Latent semantic indexing (LSI) is an indexing and retrieval method that uses a mathematical technique called singular value decomposition (SVD) to identify patterns in the relationships between the terms and concepts contained in an unstructured collection of text. LSI is based on the principle that words that are used in the same contexts tend to have similar meanings. A key feature of LSI is its ability to extract the conceptual content of a body of text by establishing associations between those terms that occur in similar contexts.
LSI is also an application of correspondence analysis, a multivariate statistical technique developed by Jean-Paul Benzécri in the early 1970s, to a contingency table built from word counts in documents.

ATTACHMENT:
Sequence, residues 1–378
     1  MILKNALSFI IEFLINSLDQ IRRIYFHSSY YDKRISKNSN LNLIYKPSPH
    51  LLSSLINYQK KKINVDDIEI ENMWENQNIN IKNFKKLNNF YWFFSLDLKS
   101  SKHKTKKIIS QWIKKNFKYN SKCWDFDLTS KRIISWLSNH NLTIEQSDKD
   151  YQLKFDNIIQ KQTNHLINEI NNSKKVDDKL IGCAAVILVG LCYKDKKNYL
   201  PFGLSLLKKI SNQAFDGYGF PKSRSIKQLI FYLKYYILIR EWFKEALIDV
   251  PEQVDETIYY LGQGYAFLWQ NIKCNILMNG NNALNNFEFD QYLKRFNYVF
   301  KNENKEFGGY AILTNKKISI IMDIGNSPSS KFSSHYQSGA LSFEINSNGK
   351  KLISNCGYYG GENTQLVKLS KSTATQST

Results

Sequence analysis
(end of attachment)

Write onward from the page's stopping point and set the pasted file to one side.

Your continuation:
Called “latent semantic indexing” because of its ability to correlate semantically related terms that are latent in a collection of text, it was first applied to text at Bellcore in the late 1980s. The method, also called latent semantic analysis (LSA), uncovers the underlying latent semantic structure in the usage of words in a body of text and how it can be used to extract the meaning of the text in response to user queries, commonly referred to as concept searches. Queries, or concept searches, against a set of documents that have undergone LSI will return results that are conceptually similar in meaning to the search criteria even if the results don’t share a specific word or words with the search criteria.